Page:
Quick Bite: Planting a Flag in the Arctic: Not so EEZ

15-minute clock icon Quick Bite: Planting a Flag in the Arctic: Not so EEZ

According to international law, the North Pole and the ocean surrounding it are not owned by any country--these waters are considered to be the 'heritage of all mankind'. However, the waters get a bit murky closer to land...

Established by the United Nations Convention on the Law of the Sea in 1982, the exclusive economic zone (EEZ) of a coastal nation is the region extending 200 nautical miles (370 km) offshore from a nation's shoreline or other baseline. A nation has rights to the management and use of marine resources in the water column and on the seafloor within its EEZ. It seems simple enough, but it turns out a nation also can claim rights to the seabed of the continental shelf up to 350 nautical miles (650 km) from their shoreline beyond their EEZ, and this rule has led to some unresolved territorial disputes between nations in the Arctic. Check out page 11 of this European Parliament report to see a map of overlapping and competing territorial claims in the Arctic.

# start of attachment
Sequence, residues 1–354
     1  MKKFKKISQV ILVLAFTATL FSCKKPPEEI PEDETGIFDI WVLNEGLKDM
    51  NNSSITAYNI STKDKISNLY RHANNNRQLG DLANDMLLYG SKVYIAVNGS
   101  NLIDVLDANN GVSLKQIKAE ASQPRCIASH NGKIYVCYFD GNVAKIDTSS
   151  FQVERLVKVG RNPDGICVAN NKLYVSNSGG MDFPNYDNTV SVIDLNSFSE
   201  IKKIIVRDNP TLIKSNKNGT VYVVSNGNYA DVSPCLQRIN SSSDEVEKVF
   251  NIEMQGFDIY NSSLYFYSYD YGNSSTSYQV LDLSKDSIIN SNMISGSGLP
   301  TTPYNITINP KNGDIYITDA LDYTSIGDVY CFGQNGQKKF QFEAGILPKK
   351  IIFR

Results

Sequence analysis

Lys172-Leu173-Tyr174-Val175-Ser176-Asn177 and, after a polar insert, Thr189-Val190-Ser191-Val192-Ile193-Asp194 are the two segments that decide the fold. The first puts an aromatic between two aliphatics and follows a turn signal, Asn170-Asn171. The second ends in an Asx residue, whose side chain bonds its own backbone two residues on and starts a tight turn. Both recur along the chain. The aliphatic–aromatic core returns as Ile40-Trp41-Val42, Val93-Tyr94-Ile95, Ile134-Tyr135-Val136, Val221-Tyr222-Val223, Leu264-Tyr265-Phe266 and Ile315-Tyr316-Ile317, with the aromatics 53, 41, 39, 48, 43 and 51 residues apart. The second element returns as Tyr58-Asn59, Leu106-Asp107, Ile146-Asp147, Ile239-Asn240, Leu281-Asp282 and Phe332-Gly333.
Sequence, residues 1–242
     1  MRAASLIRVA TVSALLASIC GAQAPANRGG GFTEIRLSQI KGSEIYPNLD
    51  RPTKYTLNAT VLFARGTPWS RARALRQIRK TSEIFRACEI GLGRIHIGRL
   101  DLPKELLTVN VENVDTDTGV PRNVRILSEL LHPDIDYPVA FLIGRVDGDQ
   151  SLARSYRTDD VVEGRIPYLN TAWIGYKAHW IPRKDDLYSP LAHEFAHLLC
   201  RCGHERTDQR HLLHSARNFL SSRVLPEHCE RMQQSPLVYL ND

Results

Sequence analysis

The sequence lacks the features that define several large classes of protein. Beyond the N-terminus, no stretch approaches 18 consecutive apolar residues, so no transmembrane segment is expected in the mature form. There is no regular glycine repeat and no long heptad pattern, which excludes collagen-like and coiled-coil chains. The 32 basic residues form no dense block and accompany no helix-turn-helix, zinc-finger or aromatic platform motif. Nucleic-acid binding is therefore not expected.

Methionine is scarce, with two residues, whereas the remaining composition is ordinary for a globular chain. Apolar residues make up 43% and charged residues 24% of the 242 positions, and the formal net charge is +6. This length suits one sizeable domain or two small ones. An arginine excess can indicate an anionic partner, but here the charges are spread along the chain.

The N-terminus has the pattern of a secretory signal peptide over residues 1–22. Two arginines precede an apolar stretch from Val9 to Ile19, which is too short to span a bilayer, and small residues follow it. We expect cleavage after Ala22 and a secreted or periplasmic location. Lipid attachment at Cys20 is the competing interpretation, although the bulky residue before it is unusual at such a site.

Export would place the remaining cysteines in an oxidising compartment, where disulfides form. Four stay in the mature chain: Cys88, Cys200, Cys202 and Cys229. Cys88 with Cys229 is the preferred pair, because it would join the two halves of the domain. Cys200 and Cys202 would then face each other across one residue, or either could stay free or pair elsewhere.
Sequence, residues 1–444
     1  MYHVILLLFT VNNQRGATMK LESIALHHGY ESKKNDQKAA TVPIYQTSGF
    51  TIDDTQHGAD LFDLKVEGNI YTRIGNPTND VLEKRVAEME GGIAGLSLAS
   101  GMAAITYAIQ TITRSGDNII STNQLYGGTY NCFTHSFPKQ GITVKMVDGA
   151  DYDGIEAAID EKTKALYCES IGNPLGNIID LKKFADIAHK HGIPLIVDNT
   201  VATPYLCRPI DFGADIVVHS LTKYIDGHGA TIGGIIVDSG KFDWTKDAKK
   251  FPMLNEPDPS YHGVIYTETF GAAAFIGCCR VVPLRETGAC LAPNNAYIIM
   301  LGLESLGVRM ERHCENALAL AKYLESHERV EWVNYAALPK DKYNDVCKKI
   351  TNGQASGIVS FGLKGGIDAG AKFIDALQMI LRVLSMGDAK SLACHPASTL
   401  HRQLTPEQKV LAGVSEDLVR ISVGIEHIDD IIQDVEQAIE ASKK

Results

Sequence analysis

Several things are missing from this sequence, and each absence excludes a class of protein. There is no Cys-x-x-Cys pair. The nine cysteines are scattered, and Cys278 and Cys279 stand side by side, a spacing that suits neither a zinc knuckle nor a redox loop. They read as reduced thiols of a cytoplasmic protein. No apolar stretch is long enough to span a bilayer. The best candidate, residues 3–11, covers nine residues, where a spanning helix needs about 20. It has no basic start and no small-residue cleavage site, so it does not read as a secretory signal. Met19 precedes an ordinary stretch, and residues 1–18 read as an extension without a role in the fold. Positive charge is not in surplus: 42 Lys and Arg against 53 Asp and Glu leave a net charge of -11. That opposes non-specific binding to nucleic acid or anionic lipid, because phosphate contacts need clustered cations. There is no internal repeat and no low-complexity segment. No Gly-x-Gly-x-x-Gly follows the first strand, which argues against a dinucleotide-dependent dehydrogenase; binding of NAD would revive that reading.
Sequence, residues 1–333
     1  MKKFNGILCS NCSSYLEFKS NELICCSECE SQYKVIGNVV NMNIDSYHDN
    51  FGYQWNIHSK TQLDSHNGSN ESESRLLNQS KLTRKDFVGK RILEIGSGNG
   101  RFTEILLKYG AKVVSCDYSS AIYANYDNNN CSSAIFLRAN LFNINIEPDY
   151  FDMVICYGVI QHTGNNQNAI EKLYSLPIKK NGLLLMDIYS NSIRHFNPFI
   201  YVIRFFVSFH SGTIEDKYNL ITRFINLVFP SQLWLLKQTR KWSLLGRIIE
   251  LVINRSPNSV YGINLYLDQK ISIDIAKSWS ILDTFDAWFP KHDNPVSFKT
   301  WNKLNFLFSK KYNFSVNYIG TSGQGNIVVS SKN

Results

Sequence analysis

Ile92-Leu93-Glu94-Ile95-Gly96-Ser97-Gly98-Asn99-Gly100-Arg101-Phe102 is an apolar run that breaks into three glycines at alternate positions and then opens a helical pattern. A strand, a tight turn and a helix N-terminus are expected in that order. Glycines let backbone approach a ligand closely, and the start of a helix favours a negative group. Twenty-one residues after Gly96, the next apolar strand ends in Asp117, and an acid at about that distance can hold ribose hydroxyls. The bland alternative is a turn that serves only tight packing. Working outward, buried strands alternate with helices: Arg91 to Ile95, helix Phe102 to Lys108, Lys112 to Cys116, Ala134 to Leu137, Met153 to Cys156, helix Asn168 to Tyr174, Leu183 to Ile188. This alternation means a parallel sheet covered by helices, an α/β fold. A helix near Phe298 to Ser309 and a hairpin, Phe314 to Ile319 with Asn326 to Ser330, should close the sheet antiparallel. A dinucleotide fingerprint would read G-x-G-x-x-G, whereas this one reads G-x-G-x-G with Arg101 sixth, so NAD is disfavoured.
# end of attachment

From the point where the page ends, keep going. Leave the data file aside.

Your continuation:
Arctic Continental Shelf Claims: Mapping Interests in the Circumpolar North

Arctic Governance: Challenges and Opportunities

Evolution of Arctic Territorial Claims and Agreements: A Timeline (1903-Present)


Activity: Laying a Claim on a Continental Shelf 

To claim underwater territory, coastal nations must first understand their nearshore seafloor geology.  In this short activity, your students will examine maps of Arctic Ocean bathymetry and identify continental shelves of the Arctic coastal nations. 

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